Cincinnati Reds reserve outfielder Ken Griffey says he remains one of the best hitters in the National League and can still do his job.
The 39-year-old Griffey has received more playing time than he might have expected this season because of injuries to front-line players.He also is having to adjust to attention that has been given to his 19-year-old son, Ken Griffey Jr. of the Seattle Mariners, who is becoming one of the American League's most highly prized center fielders.
The Reds have benefited this season since signing Griffey, acquired as a free agent last August, to a one-year contract March 29 for $320,000. He has served as a veteran utility player who could start in a pinch.
But Griffey, who played on the Reds' world championship teams in 1975 and 1976 and now gives the Reds depth in the outfield and at first base, is not finding the going is easy.
Last week, he slipped while running bases at Cincinnati's Riverfront Stadium during the Reds' 5-1 victory against St. Louis.
When a ball bounced in front of catcher Tony Pena in the third inning, Griffey - on first after a single - started to run to second base. About a quarter of the way there, he saw it was best to turn back. But he slipped and crawled the remaining 10 feet.
Griffey was safe at first but not from the good-natured ridicule of teammates and coaches, who got a good laugh a second time when the play was shown on the ballpark's video scoreboard.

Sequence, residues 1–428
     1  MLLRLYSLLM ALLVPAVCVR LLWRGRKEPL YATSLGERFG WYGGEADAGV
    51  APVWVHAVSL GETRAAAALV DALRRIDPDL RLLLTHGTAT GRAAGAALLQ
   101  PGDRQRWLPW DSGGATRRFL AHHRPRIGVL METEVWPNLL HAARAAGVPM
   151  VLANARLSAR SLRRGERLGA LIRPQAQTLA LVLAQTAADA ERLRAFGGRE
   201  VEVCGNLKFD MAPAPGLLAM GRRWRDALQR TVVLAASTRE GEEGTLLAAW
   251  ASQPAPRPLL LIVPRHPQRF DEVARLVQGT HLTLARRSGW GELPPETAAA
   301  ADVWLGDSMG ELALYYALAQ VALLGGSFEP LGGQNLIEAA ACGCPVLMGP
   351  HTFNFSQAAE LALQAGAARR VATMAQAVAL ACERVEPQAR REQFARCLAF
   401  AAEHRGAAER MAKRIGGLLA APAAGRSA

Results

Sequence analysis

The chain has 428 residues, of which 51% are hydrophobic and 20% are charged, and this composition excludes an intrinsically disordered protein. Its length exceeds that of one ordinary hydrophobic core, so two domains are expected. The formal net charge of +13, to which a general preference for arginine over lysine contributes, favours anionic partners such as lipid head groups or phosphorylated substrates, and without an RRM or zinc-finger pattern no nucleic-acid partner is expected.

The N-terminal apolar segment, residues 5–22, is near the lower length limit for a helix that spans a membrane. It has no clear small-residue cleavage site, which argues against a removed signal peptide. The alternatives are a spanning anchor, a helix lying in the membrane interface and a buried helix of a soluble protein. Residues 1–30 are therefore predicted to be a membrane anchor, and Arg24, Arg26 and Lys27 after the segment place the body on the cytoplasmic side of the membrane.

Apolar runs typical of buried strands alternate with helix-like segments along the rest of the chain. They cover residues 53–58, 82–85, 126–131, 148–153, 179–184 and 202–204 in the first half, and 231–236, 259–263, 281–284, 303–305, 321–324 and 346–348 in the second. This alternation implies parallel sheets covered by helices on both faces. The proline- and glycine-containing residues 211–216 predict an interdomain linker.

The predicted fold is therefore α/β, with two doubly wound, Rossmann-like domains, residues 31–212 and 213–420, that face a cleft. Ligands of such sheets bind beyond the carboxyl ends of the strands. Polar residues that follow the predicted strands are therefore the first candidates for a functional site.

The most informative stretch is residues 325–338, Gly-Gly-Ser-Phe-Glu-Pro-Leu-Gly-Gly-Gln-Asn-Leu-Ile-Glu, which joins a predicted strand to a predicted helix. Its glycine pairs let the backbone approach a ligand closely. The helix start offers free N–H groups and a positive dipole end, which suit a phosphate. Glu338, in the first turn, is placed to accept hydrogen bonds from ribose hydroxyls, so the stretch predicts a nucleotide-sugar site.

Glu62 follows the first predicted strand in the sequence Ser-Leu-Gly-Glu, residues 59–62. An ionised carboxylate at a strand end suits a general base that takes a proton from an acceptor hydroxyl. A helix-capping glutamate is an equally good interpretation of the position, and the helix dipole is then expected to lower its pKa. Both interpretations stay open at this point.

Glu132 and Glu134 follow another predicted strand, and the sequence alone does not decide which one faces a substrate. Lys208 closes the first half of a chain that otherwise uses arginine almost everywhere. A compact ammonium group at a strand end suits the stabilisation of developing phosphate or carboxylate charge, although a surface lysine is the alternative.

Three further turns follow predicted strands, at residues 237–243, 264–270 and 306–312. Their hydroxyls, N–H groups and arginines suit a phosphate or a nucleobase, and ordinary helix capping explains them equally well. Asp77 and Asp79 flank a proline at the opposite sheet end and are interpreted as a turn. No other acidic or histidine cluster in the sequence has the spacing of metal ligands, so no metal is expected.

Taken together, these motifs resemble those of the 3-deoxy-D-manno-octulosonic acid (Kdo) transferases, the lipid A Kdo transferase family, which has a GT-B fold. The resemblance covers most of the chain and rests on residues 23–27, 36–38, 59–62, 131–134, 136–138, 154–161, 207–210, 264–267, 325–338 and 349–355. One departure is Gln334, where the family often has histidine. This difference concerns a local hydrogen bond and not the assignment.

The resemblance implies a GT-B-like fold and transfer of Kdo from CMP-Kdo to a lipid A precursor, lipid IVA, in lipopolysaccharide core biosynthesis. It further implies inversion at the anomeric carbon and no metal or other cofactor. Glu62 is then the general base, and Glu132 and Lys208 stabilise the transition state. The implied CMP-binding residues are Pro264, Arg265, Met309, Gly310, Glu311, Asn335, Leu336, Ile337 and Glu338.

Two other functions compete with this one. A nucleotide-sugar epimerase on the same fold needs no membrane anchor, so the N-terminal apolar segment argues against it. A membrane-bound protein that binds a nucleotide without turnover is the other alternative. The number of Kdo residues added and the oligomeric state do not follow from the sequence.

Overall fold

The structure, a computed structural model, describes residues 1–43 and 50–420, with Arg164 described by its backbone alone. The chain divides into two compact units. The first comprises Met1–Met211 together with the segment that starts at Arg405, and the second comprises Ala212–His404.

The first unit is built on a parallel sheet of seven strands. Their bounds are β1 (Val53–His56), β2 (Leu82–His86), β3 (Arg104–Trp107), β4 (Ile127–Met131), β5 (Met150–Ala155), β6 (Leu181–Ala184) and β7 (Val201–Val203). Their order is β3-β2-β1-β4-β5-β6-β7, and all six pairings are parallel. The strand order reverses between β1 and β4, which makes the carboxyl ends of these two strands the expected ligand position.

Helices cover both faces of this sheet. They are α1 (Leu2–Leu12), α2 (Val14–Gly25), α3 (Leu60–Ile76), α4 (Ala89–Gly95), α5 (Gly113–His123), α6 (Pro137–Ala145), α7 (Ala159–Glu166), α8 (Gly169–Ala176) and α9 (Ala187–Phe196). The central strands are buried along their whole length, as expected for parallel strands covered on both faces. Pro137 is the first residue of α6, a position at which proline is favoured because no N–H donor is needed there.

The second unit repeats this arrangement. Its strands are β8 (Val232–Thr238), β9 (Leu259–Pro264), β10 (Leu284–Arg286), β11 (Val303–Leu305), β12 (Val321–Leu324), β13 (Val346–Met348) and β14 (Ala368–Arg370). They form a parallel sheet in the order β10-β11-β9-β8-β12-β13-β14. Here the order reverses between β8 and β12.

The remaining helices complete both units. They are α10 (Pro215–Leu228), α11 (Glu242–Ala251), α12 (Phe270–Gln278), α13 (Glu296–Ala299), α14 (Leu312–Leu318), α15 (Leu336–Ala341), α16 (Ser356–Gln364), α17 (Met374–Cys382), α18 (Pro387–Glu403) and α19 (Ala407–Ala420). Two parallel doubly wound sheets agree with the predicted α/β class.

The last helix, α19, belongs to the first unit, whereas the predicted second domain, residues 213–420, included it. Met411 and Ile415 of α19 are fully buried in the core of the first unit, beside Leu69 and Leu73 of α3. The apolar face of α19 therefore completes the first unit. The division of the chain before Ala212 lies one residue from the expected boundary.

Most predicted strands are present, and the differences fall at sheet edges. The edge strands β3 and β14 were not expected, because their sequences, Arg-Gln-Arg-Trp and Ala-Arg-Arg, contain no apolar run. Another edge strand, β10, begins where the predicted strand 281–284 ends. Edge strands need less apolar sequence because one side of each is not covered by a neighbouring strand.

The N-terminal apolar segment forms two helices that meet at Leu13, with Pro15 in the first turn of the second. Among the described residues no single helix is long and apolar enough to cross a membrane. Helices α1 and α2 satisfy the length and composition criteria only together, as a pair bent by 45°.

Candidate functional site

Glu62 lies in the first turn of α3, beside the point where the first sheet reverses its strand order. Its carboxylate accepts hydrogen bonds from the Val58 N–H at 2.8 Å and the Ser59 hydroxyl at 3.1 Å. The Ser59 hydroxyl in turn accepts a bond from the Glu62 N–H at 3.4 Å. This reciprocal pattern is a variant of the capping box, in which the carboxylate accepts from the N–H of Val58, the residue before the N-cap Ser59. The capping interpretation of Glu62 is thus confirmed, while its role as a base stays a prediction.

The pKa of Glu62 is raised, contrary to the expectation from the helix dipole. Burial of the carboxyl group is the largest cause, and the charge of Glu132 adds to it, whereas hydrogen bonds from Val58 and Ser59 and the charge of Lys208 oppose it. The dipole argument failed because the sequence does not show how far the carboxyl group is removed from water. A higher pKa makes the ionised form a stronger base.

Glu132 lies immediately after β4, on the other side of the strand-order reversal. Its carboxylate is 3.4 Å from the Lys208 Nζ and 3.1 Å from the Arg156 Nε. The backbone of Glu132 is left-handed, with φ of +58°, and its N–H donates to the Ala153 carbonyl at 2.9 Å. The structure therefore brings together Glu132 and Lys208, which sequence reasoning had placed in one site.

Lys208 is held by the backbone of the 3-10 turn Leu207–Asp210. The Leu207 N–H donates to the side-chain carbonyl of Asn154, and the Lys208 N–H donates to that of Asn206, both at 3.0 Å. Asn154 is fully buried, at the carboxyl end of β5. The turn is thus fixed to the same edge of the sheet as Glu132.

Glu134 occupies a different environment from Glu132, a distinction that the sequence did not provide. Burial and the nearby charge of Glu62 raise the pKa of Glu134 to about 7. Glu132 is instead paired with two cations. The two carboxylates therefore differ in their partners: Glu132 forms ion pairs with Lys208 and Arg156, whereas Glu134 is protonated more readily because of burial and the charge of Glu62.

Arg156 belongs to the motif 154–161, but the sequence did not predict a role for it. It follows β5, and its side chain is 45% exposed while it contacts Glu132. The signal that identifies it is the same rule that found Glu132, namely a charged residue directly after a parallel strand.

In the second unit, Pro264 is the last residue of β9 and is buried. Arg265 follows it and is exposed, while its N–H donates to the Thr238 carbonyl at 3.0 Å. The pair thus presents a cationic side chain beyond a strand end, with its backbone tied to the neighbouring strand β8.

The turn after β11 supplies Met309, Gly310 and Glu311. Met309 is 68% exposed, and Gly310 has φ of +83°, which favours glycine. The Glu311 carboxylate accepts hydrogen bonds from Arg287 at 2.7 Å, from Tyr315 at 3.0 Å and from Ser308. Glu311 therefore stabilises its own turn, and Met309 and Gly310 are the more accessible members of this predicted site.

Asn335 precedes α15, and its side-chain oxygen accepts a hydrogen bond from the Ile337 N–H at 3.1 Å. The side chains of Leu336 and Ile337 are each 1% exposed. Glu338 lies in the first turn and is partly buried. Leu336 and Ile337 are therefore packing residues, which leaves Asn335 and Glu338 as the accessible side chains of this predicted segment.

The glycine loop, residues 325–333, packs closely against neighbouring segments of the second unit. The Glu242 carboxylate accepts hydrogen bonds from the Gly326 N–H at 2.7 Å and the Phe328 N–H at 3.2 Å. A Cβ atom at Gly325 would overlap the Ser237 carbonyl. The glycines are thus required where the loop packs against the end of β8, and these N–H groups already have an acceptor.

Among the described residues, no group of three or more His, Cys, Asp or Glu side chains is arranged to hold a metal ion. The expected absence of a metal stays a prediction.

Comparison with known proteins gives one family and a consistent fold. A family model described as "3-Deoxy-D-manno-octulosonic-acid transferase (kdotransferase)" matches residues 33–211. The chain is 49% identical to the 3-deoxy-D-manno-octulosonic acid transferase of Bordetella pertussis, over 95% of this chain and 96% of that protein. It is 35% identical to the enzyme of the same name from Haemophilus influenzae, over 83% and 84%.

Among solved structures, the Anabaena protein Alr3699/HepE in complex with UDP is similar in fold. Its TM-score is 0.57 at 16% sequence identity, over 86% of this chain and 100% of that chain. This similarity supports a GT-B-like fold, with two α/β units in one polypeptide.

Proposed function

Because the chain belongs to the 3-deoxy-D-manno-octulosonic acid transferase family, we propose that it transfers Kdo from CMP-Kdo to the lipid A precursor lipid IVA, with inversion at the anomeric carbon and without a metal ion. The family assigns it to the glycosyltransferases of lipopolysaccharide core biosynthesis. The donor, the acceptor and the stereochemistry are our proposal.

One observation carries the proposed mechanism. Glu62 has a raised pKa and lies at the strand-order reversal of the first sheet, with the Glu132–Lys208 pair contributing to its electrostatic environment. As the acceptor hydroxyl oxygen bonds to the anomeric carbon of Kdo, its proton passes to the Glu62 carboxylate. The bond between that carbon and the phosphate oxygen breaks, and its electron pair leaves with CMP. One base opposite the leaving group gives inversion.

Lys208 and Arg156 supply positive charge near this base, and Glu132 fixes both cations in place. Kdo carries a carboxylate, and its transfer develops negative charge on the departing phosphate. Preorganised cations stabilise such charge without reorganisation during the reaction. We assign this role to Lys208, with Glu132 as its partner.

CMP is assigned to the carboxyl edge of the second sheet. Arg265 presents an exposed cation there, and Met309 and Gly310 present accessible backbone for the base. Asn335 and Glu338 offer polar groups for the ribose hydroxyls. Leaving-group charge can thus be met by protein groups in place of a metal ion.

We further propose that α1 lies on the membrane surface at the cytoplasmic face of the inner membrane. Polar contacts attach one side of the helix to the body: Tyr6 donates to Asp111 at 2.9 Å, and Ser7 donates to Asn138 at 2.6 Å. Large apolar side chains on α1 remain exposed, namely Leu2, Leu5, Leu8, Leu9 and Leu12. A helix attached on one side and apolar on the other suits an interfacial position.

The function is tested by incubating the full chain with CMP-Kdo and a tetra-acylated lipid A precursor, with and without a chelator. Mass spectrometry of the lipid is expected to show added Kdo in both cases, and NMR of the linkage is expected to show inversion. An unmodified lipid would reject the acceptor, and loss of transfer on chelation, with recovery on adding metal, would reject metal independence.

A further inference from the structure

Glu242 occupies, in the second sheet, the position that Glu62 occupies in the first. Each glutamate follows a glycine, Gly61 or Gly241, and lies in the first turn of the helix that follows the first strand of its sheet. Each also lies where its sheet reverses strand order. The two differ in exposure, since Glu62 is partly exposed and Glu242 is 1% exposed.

"It was the most embarrassing moment I had in my career ... It's stupid anyway. Since he's (Ken Jr.) doing so well, nobody notices my career," Griffey said.
Griffey has played in more than 25 games, including starting 10 in left field and one at first base. His batting average has hovered around the .300 mark. He has generally fared better at the plate as a starter than as a pinch hitter.
Griffey may not have to worry about pinch-hitting for a while. He is expected to fill the left field spot until regular starter Kal Daniels, sidelined with a knee injury that required arthroscopic surgery, returns from the disabled list sometime in July.
"I knew that if somebody got hurt they would call on me to help," Griffey said. "And that's just the way it is. I still think I'm one of the better hitters in this league. I can do the job, that's all. My job."